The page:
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TL;DR — Building cairns disturbs fragile, sensitive habitats and stresses whatever environment they’re built in. I didn’t know people also built them in streams…
Cairns have been used for hundreds of years to mark routes, boundaries, and important sites. However, these days, in the Catskills and Adirondacks, we rarely need them. Thanks to the DEC, DEP and many superb local groups, we have great way-findings support in our trail signs and blazes.
Cairns have a long history and purpose, one that newer stacks sometimes subvert
Cairns hail from a time before smartphones and GPS and, you know, maps! Only lately has cairn-building become a social phenomenon, albeit a meaningless one — the only meaning seems to be “I exist” or “I don’t know how to enjoy nature”.
- Stacks of rocks are not art because the mindless replication of dumb ideas is the opposite of art.
- And stack-building is not spiritual, or mindful, because it is the opposite of Leave No Trace.
What stacks are is ubiquitous and intrinsically destructive. There are places in the Catskills where you find dozens of stacks together — which means hundreds of stones have been moved from their natural location.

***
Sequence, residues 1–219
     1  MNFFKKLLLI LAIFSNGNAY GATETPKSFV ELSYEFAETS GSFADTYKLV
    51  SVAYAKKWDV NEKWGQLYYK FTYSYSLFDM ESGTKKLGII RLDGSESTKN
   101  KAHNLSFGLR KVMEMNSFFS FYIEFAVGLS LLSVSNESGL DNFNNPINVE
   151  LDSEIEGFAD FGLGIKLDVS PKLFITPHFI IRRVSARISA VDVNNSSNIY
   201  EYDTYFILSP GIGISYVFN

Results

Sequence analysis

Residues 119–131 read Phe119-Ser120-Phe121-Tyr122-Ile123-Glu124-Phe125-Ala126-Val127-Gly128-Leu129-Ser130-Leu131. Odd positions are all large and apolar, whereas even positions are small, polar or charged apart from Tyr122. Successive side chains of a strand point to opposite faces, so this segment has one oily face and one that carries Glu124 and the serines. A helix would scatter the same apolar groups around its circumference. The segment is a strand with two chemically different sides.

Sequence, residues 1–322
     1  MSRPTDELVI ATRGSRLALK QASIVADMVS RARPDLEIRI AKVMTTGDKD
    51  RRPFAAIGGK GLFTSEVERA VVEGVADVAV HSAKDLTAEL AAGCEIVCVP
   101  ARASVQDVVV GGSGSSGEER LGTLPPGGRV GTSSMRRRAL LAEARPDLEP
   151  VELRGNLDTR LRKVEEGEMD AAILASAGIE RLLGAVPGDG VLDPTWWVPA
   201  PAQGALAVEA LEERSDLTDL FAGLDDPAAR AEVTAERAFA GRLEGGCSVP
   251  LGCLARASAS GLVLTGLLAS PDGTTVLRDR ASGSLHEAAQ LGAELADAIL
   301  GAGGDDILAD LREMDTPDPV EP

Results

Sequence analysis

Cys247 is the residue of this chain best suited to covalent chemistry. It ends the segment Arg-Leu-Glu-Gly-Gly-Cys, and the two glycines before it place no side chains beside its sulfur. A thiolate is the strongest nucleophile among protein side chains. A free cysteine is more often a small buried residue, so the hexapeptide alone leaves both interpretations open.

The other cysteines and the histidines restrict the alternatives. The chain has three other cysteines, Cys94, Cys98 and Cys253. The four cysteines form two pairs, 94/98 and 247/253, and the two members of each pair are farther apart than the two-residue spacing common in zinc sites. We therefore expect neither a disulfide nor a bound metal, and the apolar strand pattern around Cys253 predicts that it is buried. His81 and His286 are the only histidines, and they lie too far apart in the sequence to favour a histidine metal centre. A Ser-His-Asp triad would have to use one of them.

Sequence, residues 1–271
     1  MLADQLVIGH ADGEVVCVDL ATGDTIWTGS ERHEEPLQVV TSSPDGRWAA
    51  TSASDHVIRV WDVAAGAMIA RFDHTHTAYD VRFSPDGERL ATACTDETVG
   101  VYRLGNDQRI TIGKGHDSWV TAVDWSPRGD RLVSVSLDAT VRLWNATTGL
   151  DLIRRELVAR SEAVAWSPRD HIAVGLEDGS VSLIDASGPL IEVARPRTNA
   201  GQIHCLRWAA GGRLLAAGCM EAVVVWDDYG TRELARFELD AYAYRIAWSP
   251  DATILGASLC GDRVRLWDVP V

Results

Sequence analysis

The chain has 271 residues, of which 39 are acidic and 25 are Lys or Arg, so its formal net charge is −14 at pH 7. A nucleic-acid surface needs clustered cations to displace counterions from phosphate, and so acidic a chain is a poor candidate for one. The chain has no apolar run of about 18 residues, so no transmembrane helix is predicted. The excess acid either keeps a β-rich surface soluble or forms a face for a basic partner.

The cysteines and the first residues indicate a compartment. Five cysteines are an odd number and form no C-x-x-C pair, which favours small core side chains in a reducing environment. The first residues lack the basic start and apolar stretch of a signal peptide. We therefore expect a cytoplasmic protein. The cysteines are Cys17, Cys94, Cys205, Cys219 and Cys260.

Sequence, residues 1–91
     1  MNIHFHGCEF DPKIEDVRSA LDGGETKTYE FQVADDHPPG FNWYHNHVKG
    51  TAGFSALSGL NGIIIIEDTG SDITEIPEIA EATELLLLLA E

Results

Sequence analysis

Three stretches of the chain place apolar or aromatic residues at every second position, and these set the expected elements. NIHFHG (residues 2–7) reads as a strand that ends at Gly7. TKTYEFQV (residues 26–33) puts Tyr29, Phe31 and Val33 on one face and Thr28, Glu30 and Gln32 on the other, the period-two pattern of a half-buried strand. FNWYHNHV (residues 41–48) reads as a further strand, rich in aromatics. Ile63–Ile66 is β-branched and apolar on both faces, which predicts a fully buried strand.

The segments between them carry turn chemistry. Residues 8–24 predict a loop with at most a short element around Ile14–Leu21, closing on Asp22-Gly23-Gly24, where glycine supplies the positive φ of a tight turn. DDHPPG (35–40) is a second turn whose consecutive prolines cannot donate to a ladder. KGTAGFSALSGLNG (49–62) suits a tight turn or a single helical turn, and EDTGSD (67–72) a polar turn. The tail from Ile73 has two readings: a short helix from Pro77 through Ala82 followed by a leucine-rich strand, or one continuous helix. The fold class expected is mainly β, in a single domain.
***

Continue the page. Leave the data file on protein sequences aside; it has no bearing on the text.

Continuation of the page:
“Moving rocks increases erosion by exposing the soil underneath, allowing it to wash away and thin soil cover for native plants. Every time a rock is disturbed, an animal loses a potential home, since many insects and mammals burrow under rocks for protection and reproduction.”
Video: The Last Dragons
This beautifully-shot video about hellbender salamanders explains some of the problems with even moving stones.
No, it’s not just an opinion, man…
There’s science to back up the claim that habitat disturbance has real, immediate effects. For example the abstract to Anthropogenic Associated Mortality in the Eastern Hellbender states…
Anthropogenic disturbance to natural habitats has been identified as a major threat to freshwater biodiversity. Human activities can destroy critical habitat of aquatic species by altering hydrodynamic stream characteristics. Movement and removal of shelter rocks within and along streams has been postulated to be detrimental to survival of aquatic salamanders; however, empirical data are lacking. Herein, we document mortality of both adult and larval Eastern Hellbender salamanders associated with anthropogenic habitat disturbance (i.e., moving and stacking of rocks to build small dams).
Be the lack of change you want to see in the world
Remember that whatever changes you make to a stream affect not just that location, but everything downstream from that location too. The more we disturb our outdoors, the less of it we’ll get to enjoy.
The wilderness thanks you.